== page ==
Thank you for the warm introduction. It’s an absolute pleasure to be back at the London School of Economics, where I completed my Master’s degree in the late 1980s. Studying at the LSE, with remarkable professors like Richard Layard, Chris Pissarides, George Evans, and the late Tony Atkinson, inspired me to pursue a career in economics and public policy. I owe a great debt of gratitude to this institution and am in awe of how it has evolved and grown in the past 30 years.
I will say that there are a few things I have not missed since my days in London: the food (yes, that has changed!), the high cost of living (some things never change), and the endless studying for and worrying about final exams. But I have missed the dear friends I made, the book shops, and the library.
It’s ironic that I find myself back at the London School of Economics and NOT talking about economics. The views I bring to today’s discussion come from professional and personal, rather than academic experience.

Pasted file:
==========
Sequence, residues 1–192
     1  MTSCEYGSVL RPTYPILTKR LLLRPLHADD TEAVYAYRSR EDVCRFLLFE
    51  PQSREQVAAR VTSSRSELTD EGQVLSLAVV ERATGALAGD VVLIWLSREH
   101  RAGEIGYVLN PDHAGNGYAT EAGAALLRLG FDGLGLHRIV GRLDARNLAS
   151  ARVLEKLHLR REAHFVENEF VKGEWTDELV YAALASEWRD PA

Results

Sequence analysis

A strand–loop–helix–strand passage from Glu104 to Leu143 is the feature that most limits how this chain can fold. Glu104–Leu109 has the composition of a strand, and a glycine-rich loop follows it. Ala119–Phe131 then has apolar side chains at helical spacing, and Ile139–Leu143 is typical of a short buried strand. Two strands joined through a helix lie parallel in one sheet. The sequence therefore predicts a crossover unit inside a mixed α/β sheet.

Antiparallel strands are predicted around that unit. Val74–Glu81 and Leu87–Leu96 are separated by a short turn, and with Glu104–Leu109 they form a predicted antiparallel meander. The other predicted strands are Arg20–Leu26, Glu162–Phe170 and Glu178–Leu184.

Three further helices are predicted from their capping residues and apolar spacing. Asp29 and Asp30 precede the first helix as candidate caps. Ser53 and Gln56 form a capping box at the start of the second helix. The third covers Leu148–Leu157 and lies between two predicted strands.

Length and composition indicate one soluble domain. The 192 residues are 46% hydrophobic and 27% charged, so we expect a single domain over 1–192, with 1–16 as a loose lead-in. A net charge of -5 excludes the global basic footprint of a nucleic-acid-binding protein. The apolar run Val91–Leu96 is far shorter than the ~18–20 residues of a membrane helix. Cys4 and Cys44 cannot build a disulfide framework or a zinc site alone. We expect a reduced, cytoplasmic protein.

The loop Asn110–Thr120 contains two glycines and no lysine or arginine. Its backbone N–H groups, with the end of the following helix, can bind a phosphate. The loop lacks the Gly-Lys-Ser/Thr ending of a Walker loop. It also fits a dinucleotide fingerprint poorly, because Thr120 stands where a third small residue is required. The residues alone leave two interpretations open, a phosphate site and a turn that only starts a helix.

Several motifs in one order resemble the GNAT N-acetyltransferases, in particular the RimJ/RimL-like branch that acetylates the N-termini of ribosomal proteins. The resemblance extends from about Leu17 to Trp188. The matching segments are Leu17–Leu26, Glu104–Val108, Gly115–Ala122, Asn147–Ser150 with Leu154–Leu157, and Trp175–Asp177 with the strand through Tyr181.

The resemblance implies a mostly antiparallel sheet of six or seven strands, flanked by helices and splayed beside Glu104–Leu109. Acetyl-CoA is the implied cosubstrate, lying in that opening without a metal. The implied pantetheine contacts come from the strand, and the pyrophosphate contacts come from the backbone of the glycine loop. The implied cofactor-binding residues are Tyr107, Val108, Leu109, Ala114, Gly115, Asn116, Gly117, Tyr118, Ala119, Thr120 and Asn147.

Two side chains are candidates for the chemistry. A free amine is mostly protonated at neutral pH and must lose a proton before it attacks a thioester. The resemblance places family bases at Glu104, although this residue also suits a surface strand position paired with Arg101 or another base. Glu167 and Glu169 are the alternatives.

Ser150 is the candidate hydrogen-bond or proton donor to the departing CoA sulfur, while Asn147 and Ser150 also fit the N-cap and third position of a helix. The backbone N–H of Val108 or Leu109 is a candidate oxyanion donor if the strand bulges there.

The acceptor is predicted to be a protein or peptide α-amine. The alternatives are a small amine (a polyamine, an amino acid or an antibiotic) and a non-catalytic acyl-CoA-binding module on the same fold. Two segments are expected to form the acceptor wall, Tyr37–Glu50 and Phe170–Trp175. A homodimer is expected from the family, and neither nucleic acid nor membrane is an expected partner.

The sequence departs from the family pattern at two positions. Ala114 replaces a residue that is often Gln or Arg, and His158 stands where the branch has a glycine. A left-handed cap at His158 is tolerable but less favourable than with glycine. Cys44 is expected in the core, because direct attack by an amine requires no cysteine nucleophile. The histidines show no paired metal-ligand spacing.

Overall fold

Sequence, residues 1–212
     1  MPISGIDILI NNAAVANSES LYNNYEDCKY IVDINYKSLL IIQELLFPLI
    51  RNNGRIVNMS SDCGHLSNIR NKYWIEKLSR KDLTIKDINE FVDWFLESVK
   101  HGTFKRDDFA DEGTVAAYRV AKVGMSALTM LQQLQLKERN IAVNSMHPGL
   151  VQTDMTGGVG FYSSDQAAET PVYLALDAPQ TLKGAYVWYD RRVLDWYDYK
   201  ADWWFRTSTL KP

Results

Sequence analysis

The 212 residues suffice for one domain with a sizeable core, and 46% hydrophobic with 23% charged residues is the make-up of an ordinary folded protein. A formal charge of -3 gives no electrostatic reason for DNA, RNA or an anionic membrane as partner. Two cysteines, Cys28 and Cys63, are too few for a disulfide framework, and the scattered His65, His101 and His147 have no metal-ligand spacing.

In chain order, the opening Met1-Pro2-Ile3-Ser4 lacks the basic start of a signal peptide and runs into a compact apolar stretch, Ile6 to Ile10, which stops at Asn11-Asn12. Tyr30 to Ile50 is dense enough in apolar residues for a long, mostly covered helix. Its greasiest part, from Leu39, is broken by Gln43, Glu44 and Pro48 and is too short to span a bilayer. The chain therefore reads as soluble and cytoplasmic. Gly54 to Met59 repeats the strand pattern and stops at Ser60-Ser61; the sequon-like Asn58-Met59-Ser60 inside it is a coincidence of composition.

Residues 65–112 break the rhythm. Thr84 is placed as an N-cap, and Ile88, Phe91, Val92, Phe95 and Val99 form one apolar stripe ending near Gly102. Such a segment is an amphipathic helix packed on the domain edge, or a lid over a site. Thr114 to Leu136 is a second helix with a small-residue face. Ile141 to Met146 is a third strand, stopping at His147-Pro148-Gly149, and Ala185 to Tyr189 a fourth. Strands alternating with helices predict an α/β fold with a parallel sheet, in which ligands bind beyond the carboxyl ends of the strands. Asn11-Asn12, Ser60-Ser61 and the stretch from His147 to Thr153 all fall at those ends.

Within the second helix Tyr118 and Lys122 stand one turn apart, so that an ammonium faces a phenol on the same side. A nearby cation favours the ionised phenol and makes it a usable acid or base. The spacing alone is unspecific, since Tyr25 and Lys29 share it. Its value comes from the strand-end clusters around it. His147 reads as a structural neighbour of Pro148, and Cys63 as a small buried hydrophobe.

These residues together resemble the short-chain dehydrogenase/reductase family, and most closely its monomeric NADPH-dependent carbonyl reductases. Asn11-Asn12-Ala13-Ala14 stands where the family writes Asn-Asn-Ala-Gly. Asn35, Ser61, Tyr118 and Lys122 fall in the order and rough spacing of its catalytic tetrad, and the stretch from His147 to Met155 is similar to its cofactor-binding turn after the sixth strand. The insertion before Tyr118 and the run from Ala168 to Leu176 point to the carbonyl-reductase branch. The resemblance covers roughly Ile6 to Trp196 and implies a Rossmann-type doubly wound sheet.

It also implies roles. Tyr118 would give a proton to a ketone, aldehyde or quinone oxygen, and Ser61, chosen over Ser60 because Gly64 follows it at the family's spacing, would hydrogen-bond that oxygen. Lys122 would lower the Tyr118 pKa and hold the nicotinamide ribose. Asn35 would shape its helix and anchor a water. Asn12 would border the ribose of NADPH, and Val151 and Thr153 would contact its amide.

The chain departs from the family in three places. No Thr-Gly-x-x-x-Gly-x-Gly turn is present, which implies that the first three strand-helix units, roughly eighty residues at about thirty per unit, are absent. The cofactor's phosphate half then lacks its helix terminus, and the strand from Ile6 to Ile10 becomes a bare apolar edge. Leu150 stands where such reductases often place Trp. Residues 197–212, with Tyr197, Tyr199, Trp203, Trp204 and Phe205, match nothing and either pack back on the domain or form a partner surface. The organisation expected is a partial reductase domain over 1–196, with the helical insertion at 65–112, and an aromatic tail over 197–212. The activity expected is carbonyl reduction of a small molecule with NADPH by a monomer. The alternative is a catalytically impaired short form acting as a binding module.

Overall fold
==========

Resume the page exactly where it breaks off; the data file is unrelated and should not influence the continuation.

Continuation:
I’ve now led two major organizations, and culture is both the hardest and the most important thing to get right. Culture is at the heart of behavior and norms, and the single most important factor driving the decision-making of employees. It’s not an exaggeration to say that culture is critical—both when things go right, and when they go wrong.
Before I get any deeper into ideas about culture, I should give the standard Fed disclaimer that the views I express today are mine alone and do not necessarily reflect those of the Federal Open Market Committee or others in the Federal Reserve System.
Culture Shapes Our Working Lives
When we talk about company culture in the context of financial services, the first thing that comes to mind is the risky, unethical, and sometimes criminal behavior in the banking industry, particularly during the financial crisis. And 10 years on from the crisis, this behavior persists. Instances of fraud, money laundering, and scandals related to foreign exchange and LIBOR continue to make the headlines.1